MARINE CORPS BASE QUANTICO, Va. – The Marine Corps is sending some of its Raiders on a new mission: developing new technologies to make MARSOC even deadlier.
Marine Corps Forces Special Operations Command wants special operators to be part of the capability development process.
"As much as myself and some of my peers don't want to leave operational companies, you kind of have to put individuals into that process," said MARSOC operator Master Sgt. Justin Olson said during a briefing at the Modern Day Marine expo on Thursday.
With ever-changing technology, Olson said MARSOC will need "increasingly lethal precision and engagement."
They're seeking Raiders with real-world experience to help advance the command's technology and improve efficiency.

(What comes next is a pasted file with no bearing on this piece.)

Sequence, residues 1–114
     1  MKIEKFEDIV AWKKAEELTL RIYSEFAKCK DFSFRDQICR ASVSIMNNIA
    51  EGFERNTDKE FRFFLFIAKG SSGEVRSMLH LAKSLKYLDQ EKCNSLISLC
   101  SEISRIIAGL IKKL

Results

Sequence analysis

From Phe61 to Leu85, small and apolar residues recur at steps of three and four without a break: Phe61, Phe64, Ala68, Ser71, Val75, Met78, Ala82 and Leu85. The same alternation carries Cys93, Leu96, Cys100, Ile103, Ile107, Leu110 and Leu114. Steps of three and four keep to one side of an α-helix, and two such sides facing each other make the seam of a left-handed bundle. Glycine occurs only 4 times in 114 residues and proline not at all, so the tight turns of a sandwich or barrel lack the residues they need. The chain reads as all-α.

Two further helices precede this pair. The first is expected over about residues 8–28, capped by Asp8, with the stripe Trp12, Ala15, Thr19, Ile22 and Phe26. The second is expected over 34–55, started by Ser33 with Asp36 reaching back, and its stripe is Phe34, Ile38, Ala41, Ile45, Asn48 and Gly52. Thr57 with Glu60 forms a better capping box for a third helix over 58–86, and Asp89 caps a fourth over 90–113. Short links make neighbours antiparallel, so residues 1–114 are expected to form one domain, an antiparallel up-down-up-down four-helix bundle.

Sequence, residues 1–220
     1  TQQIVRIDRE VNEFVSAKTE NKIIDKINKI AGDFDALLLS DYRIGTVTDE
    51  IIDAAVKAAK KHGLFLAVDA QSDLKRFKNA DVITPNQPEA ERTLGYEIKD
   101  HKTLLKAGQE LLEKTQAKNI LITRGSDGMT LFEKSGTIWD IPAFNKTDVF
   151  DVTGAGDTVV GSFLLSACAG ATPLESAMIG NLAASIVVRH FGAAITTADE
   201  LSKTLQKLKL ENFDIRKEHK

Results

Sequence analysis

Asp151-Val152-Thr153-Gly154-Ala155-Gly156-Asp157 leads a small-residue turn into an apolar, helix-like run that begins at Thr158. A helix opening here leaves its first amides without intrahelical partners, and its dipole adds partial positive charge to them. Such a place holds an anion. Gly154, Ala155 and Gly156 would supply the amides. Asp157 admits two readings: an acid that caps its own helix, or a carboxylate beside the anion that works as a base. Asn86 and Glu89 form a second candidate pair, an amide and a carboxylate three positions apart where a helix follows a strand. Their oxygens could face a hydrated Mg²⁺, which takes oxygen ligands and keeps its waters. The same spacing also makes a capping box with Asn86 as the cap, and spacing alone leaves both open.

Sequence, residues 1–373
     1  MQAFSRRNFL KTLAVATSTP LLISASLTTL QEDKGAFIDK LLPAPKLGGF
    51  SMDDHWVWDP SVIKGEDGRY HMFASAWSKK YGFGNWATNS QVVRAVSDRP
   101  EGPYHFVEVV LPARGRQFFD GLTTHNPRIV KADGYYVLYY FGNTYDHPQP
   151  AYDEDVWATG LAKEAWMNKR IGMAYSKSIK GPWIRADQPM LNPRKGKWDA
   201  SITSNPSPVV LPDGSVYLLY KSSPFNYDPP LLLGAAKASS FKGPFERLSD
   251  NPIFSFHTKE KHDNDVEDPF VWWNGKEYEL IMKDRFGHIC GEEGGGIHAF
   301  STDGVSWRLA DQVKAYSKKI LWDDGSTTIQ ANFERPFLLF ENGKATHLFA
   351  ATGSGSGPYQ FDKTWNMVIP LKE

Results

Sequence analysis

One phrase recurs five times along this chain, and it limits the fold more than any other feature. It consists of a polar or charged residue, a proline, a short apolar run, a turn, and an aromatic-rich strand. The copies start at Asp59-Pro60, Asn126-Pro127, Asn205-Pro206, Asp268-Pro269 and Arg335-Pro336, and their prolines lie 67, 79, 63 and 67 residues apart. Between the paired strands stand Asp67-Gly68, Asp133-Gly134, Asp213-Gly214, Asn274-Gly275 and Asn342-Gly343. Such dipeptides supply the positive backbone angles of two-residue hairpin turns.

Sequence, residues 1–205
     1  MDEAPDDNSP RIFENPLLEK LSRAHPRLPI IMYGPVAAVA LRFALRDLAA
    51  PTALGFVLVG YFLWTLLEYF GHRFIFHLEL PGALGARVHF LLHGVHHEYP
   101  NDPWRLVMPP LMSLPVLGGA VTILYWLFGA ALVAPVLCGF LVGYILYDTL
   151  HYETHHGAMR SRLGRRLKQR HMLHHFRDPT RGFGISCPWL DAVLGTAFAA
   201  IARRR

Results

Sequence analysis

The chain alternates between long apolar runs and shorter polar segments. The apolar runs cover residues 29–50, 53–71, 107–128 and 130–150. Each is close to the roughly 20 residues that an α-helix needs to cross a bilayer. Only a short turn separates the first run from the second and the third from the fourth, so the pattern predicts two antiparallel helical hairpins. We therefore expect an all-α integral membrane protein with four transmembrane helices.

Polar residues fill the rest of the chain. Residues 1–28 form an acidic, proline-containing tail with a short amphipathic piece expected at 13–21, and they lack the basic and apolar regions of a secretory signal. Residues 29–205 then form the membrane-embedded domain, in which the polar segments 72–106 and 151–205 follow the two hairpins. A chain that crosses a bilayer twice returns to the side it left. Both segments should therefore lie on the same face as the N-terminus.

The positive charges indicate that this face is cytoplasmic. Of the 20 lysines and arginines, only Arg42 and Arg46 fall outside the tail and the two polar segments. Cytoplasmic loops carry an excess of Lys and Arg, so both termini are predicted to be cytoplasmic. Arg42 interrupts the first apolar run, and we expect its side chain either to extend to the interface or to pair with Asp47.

"As we do that, we see ourselves getting more involved in the research and development roles," Olson added.
A key part is adapting to newer threats and technology.
"[It's] getting smaller and smaller," Olson told the crowd. "What would the enemy use? Small handheld stuff."
The focus right now is on countering small aerial drones systems designed for threats that are smaller in size. The smallest unmanned aircraft system is categorized as Group 1 and can weigh less than 20 pounds.
As MARSOC wants to integrate operators into research roles, Olson said integration is necessary on a global scale, as well.
"Not just within the services and special operations partners," he said. "But more integrated with host nation partners."
Charlsy Panzino is a staff reporter for Marine Corps Times and writes features about veterans transition issues, travel and fitness. Email her at firstname.lastname@example.org.